More than 100 Million Sharks Killed every Year
One of the cruelest, most callous and inhuman practises followed by man is 'finning'. Every year, sharks are killed at an alarming rate for their fins that serve as a Chinese delicacy. The shark population has been depleting around the world and yet, not much is done about it.
A latest study states that a shocking number of sharks are killed every year. More than 100 million sharks are killed every year, and with the fishing rates increasing, the declining shark population is unable to recover its numbers.
This data will be presented as part of a new study to The Convention on International Trade in Endangered Species (CITES) held in Bangkok on Monday. Researchers will take certain measures to protect the declining number of the shark population including porbeagles, oceanic whitetip and three types of hammerhead that are killed for their fins.
According to the data retrieved on shark death and illegal catches that are unreported, nearly 100 million sharks were killed in 2000 and 97 million were killed in 2010. Due to the lack of sufficient data on shark catches, the actual figure of annual shark deaths falls between 63-273 million.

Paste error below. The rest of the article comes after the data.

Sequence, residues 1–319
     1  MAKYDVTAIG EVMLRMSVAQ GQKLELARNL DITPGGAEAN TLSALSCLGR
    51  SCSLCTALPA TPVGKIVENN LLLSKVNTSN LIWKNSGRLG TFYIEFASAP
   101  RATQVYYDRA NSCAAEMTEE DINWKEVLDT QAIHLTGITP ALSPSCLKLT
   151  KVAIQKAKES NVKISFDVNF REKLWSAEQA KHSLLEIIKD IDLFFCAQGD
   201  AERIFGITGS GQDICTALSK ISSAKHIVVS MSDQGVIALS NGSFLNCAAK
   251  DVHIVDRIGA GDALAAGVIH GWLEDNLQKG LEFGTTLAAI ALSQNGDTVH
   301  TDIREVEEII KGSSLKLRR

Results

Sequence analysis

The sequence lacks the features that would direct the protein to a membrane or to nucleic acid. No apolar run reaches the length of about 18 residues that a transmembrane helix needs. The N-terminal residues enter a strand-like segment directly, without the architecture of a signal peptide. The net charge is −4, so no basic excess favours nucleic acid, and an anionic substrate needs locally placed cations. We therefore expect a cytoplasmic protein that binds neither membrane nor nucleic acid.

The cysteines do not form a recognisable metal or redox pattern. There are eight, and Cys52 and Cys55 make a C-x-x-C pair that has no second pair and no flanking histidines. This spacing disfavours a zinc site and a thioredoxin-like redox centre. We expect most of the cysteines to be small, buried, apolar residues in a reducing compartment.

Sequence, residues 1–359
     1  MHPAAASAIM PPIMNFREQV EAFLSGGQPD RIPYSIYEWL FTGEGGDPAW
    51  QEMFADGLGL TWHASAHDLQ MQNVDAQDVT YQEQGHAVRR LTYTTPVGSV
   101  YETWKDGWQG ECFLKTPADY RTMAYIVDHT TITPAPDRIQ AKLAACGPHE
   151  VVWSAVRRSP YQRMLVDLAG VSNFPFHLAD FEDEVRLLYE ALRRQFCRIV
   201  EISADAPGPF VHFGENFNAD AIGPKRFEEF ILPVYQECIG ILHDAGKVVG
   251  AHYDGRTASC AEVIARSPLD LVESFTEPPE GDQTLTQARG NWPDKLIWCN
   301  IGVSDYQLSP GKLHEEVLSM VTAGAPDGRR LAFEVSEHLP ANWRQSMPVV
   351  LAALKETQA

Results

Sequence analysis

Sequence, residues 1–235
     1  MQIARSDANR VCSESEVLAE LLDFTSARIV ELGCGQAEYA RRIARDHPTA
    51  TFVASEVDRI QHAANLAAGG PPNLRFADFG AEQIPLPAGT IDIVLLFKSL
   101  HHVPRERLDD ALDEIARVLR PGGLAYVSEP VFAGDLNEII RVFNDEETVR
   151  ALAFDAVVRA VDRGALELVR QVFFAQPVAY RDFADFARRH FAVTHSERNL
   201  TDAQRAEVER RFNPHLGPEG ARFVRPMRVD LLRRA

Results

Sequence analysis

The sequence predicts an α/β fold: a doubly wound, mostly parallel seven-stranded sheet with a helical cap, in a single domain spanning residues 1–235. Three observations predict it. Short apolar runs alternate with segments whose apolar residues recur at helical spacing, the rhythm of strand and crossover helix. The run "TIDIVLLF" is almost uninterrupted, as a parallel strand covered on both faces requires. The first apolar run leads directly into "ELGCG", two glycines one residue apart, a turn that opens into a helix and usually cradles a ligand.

The Guardian states that nearly 6.4 to 7.9 percent of sharks are being killed each year.
Sharks help maintain the ecosystem in the world's oceans and their declining number is a real concern.
"Sharks have persisted for at least 400 million years and these predators are experiencing population declines significant enough to cause global concern," lead author Boris Worm, professor of biology at Dalhousie, said in a press statement.
Dry shark fins are sold in markets. A bowl of shark fin soup costs $350.
"A simple vote 'yes' to support their listing could turn things around for some of the world's most threatened shark species," Elizabeth Wilson, manager of global shark conservation at the Pew Charitable Trusts' environmental organization, was quoted as saying in LiveScience. "Countries should seize this opportunity to protect these top predators from extinction."
The study was published in the journal Marine Policy.